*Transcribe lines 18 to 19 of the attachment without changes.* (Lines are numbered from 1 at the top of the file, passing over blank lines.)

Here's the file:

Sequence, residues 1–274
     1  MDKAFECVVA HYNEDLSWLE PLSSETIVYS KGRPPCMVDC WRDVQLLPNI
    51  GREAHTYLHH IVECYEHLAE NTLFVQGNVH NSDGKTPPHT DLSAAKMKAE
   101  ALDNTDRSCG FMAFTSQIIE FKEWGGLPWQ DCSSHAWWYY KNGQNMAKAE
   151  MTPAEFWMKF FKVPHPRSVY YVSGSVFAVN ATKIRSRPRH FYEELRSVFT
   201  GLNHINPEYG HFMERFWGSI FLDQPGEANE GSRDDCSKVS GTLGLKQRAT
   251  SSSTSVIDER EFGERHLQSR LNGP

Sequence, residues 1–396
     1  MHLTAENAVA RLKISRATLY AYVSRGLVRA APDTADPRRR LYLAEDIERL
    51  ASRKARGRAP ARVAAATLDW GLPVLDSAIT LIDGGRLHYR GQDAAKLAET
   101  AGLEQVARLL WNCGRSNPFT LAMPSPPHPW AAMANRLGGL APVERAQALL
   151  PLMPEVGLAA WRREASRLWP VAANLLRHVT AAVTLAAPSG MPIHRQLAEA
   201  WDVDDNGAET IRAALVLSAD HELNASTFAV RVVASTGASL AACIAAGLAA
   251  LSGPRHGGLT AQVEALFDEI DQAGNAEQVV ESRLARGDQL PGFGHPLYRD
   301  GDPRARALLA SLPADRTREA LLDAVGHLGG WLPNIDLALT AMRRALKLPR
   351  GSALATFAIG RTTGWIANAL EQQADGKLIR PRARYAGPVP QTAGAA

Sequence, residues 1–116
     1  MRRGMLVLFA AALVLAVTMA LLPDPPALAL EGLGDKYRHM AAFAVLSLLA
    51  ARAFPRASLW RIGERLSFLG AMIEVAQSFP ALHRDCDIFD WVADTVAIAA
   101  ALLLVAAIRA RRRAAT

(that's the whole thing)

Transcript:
     1  MRRGMLVLFA AALVLAVTMA LLPDPPALAL EGLGDKYRHM AAFAVLSLLA
    51  ARAFPRASLW RIGERLSFLG AMIEVAQSFP ALHRDCDIFD WVADTVAIAA